The reader must understand, further, that the book under consideration contains a certain irony or sarcasm. That Sorgner disagrees with Nietzsche about contingent human dignity is something of a façade, since contingent dignity really interests Sorgner little in comparison to the comparatively decisive attack that has been launched on the sacred citadel of human dignity at the heart of the Platonic Christian Kantian tradition. On one reading of Sorgner, “normative equality” may have become something of a cynical Hobbesian gesture.

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Stefan Lorenz Sorgner is a lecturer in medical ethics at the University of Erlangen-Nuernberg, Germany. His main fields of research are Nietzsche, the philosophy of music, bioethics and meta-, post- and transhumanism. He is author of Metaphysics without Truth - On the Importance of Consistency within Nietzsche’s Philosophy and Menschenwürde nach Nietzsche: Die Geschichte eines Begriffs, and he edits the book series “Beyond Humanism: Trans- and Posthumanism/Jenseits des Humanismus: Trans- und Posthumanismus“ for Peter Lang Publishing.
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Mein Gott, for a moment there I though I might have to resort to Google’s storm und drang translation service. smile

“Nietzsche, still an intellectual author of Nazism to many in Germany and elsewhere”

‘Nietzsche Contra Wagner’ is evidence otherwise. Nietzsche was no more or less an author of Nazism than the Paris Commune was an
author of Communism or the Oneida Community was an
author of the American counterculture.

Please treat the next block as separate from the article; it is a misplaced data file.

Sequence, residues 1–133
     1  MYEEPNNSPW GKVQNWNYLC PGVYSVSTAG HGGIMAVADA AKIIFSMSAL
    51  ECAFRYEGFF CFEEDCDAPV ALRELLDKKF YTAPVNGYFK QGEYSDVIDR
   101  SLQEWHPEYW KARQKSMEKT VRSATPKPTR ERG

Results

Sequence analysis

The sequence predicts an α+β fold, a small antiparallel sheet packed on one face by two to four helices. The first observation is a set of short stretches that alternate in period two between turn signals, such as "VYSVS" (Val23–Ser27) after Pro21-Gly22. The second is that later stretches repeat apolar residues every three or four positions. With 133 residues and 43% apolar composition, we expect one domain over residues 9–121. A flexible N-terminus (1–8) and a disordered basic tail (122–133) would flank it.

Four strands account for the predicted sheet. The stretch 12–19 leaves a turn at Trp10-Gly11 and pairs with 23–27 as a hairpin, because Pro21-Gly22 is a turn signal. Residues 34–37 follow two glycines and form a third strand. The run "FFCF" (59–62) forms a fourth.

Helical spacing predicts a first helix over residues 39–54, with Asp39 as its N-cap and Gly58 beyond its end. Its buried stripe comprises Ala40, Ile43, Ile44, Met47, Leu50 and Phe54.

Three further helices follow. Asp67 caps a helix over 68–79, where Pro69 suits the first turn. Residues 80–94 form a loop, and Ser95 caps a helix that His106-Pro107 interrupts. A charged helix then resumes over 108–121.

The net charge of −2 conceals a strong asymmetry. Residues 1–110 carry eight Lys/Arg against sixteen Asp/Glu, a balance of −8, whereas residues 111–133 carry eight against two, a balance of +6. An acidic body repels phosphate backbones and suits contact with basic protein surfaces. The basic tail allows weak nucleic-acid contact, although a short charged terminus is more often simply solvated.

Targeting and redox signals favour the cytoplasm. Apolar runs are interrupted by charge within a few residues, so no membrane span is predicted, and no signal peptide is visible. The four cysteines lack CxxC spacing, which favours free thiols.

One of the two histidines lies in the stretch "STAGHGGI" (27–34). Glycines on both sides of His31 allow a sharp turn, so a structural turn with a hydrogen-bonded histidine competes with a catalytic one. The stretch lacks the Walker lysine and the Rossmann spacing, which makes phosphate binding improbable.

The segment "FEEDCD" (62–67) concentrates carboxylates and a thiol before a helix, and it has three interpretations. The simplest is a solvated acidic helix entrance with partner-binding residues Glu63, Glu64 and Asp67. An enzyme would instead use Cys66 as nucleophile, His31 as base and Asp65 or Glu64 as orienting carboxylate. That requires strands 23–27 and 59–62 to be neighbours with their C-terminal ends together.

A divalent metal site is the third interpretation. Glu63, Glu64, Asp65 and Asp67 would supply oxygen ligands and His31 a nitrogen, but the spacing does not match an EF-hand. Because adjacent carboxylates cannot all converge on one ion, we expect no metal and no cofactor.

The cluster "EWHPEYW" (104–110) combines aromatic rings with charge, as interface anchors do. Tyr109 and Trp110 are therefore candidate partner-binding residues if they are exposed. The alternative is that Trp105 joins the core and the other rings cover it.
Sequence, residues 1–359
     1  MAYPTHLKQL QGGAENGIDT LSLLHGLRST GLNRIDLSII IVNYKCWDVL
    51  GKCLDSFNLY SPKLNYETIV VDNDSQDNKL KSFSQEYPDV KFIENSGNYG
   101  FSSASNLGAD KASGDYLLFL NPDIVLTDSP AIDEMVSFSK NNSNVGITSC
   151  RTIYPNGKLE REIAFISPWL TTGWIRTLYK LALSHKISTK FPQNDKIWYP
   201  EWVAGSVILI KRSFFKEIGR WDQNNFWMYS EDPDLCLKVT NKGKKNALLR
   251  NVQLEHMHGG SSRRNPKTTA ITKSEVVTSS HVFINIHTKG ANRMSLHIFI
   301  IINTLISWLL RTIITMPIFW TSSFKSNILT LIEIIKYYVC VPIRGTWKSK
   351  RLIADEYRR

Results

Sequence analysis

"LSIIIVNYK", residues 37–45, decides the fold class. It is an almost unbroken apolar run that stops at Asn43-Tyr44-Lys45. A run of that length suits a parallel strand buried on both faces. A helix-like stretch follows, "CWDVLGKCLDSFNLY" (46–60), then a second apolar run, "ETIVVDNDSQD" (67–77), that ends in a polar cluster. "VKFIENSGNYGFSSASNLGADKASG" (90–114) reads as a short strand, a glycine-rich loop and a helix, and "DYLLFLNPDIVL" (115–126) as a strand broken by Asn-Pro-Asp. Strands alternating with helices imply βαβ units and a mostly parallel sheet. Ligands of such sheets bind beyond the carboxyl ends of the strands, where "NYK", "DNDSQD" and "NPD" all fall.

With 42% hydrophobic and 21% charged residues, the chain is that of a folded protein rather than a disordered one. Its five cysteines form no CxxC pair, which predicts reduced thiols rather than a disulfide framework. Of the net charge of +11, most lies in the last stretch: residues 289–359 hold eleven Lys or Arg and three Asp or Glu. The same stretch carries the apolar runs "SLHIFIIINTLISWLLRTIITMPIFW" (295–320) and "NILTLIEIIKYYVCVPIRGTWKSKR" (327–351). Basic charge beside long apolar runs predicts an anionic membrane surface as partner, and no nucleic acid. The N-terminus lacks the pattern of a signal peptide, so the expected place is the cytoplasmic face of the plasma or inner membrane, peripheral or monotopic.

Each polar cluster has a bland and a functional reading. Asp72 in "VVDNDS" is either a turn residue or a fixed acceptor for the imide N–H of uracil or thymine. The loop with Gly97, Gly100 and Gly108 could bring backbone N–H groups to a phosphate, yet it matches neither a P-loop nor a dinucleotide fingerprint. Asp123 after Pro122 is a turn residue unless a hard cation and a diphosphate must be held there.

Nietzsche got a bad rap for being a Nazi inspiration, when he was no more culpable for what Himmler did than Marx was for Beria’s actions.
Esp. since Nietzsche deliberately refuted Wagner—he must have seen the writing on the wall with the volkisch, who were burgeoning at that time: the 1880s.

notes on the early volkisch movement:

“1) Early Volkisch movement (1880s – 1890s)
a. Emerging as a racialist program – Jews linked to liberal capitalism on Right and Marxism on the Left
i. Type A – Religious basis of anti-semitism
ii. Type B – Social/Economic anti-semitism
iii. Type C – Racial – product of imperialism (19th century)
iv. Nazism is a blend primarily of Type B and C
b. Political mixed in with the social
c. Politics too liberal – felt that the German “little man” is being left out
i. Therefore, a 3rd way needs to be formed
d. Liberalism and Marxism are the same side of the coin
i. Both are inherently materialist
ii. Class conflict is driven by or results from these
e. 1893 – German Conservative Party develops an anti-semitic party platform
i. Tivoli Program – reduce Jews’ power, converting would be preferred
ii. Nobody jumped on board at eh this time
iii. By 1912, anti-semitic party platforms disappeared…”

Reappeared after defeat of 1918.